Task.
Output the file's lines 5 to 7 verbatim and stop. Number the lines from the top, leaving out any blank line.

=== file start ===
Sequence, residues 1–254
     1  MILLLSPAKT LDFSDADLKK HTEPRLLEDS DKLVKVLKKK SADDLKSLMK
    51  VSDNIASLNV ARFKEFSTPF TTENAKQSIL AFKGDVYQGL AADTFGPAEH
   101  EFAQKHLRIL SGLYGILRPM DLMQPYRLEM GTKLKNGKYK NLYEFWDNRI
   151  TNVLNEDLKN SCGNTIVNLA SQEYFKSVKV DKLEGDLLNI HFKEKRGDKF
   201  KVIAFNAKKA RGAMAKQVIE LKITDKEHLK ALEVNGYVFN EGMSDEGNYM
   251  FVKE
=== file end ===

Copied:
   151  TNVLNEDLKN SCGNTIVNLA SQEYFKSVKV DKLEGDLLNI HFKEKRGDKF
   201  KVIAFNAKKA RGAMAKQVIE LKITDKEHLK ALEVNGYVFN EGMSDEGNYM
   251  FVKE